Now, guys – a proposal of marriage is always going to be a nerve-wracking speech to have to make, no matter how long you’ve known that your lady is the one you want to spend the rest of your life with. It can also be a pretty emotional experience – as we saw with Monica and Chandler on Friends, there’s a reason that girls aren’t usually the ones proposing!
Basically, you need to get this right – so who better to ask for tips than a professional speech writer? Lawrence Bernstein runs Great Speech Writing, and has written words for all types of occasions – we asked him for his thoughts on how to propose.
Keep it personal
“Two words spring to mind when I think of proposal speeches – relevance and appropriateness,” says Lawrence. “What works for one person may not work for another. It’s all about how the person you’re proposing to is going to look and feel – ask yourself, is this someone who won’t mind being asked in a public place, or will they be embarrassed?
Lawrence suggests building your proposal around your partner’s favourite things – so, if they’re a huge tennis fan, you might want to treat them to Wimbledon tickets and ask there.
“If they love Shakespeare and are the literary type, maybe you could build your proposal around a quote,” advises Lawrence. We love this romantic idea – but only do it if it feels natural. “Most blokes don’t go around quoting poetry and you don’t want to look unnatural,” says Lawrence. “Proposing is difficult at the best of times, so don’t start spouting a sonnet if it’s not your thing!”
“Remember weddings are a means to an end and should end in a happy life together – it’s not just about having a big wedding day. The proposal should be all about your future together.”
Yes, no or maybe?
Many couples have discussed marriage in depth before the proposal, so the answer will essentially be a given, but there’s every chance that popping the question will come as a complete surprise – in which case, you need to plan accordingly.
“If you’re taking a chance on your partner’s response, then you don’t want to be asking in public!” agrees Lawrence.
“I’ve heard some extraordinary stories. One man flew his entire family – parents, siblings, the lot – out to a resort in secret. He proposed to his fiancée there, and his whole family then jumped out shouting ‘surprise!’. That’s a high-risk strategy in my book. The moment after a proposal is meant to be a private moment – it’s the last time you have to celebrate together before the two of you become public property. So the more private and personal the proposal the better, in my opinion.”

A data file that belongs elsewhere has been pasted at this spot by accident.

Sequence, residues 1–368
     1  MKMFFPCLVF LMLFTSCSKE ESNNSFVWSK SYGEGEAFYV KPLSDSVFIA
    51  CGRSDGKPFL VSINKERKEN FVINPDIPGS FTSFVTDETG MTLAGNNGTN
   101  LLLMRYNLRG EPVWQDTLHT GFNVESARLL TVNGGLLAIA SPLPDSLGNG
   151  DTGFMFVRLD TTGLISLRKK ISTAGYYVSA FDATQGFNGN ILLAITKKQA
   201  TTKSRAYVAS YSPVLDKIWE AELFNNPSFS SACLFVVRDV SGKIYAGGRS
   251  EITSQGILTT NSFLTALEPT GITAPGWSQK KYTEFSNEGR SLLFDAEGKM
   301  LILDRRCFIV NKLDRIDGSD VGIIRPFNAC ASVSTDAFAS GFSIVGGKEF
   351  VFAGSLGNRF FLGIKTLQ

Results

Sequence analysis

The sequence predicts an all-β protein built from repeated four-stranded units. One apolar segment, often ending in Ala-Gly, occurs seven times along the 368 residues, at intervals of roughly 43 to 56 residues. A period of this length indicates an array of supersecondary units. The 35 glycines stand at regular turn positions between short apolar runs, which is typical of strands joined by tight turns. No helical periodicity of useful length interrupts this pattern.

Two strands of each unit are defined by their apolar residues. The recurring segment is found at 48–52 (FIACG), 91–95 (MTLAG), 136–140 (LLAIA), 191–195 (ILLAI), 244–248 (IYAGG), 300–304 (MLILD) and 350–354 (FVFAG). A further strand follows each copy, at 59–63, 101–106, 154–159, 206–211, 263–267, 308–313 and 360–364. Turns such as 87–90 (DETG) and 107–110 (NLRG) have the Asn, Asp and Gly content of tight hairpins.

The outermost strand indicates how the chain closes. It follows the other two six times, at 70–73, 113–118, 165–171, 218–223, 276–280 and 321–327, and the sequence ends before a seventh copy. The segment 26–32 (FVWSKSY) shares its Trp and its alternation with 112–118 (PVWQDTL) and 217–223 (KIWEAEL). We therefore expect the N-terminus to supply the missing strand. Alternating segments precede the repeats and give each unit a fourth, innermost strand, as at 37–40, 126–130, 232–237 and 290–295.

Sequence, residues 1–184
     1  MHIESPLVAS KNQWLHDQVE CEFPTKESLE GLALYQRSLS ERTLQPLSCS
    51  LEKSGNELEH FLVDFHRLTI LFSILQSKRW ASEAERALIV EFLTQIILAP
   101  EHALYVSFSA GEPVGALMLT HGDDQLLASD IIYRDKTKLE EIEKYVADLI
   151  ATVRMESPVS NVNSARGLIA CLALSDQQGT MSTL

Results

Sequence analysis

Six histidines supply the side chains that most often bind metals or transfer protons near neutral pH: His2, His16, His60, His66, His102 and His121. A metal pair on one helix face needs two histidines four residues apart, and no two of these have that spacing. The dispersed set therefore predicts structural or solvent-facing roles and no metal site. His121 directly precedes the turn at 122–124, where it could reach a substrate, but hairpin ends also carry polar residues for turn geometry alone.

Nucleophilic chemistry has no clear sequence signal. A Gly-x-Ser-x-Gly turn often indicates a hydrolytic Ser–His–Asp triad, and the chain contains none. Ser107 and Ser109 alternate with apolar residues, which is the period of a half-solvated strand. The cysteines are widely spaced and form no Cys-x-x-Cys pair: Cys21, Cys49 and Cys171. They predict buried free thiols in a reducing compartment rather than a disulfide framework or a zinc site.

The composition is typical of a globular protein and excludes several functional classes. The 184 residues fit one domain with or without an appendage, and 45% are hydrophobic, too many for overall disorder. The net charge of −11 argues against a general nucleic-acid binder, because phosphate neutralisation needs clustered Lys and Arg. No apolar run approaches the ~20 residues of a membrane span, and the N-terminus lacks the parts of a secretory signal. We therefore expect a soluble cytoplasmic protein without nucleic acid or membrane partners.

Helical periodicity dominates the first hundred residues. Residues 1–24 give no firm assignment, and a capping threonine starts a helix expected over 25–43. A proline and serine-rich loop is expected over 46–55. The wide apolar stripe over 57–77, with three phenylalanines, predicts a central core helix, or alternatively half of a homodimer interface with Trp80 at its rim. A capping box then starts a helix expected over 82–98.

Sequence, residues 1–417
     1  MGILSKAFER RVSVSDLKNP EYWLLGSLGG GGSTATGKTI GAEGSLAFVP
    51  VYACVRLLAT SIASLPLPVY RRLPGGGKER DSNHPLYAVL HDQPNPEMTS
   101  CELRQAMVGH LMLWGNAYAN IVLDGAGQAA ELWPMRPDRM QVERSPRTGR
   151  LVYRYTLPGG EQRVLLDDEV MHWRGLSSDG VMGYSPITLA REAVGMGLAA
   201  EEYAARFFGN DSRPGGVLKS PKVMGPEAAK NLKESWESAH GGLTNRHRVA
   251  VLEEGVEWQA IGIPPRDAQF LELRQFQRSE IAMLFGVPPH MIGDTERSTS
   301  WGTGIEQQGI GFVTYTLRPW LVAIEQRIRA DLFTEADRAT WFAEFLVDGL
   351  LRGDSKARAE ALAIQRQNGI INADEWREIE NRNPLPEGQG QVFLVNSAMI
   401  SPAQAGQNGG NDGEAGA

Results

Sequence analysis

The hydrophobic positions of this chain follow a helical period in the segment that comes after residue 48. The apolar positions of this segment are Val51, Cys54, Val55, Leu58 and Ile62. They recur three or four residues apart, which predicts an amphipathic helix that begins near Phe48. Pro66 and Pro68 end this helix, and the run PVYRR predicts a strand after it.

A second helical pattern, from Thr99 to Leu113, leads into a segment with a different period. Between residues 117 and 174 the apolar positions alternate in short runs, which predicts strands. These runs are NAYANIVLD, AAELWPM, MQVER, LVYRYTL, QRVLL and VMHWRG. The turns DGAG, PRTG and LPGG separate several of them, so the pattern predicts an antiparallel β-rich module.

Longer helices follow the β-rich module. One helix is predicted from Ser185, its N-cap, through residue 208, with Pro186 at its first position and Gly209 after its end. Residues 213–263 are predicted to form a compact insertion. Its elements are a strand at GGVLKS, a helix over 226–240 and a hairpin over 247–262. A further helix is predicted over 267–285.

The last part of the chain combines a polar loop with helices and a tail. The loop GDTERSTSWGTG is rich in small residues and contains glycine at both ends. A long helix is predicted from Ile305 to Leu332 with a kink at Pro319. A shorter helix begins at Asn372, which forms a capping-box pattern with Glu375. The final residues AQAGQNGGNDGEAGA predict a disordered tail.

Where to pop the question
You can add a personal touch to the big moment by choosing a venue that means something to the pair of you – like the restaurant where you had your first date, or somewhere you’ve taken a romantic walk together in the past. Don’t splash out on a flashy gesture that doesn’t mean anything. “It’s a bit weird if you suddenly get tickets to Mauritius and then go down on bended knee on a beach,” says Lawrence. “However, if you first met in Paris or had a first memorable holiday there, then that might be a great proposal location.
“I have heard of some lovely ways of proposing that have been really thoughtful. One man met his girlfriend at a festival. A few months later, he realised she was ‘The One’ and he took her back there in the winter. The festival was long since over and it was just a muddy field by then, but he took her back to the exact spot they had met and popped the question. Now I think that is sweet and thoughtful!”
“Mind you, there are no rules. It’s all about the words that are right for you – but I would advise that you keep it brief!”
Have some private time
“Once you announce your engagement, you’ll be facing an onslaught of wedding-related questions from friends and family. If she says yes, have an hour to yourselves before you start calling people – give yourselves time to breathe.”
“My final thoughts: you never want to regret having asked, even if the answer you get isn’t quite what you want. You know what they say – ‘don’t ask and you won’t get,’ so go for it!” says Lawrence.
Here are a couple of things to bear in mind:
- List the reasons that you love her – it’s a simple way to make the proposal personal to you as a couple, and she’ll love the thought you’ve put into it.
- You don’t always have to have a ring ready – especially if you know that your partner would prefer to choose her own.
- Many people might think it’s old-fashioned, but if your partner or her family are particularly traditional, consider asking her parents for permission first.
- If it’s practical, go down on one knee. It’s a timeless romantic gesture and will make it very clear what your intentions are.
- Practice makes perfect! Make sure you practice what you’re going to say first to avoid getting tongue-tied in the moment.
If you’re still looking for inspiration, then check out our Engagement section for engagement shoots, real-life proposals and ring advice. Good luck!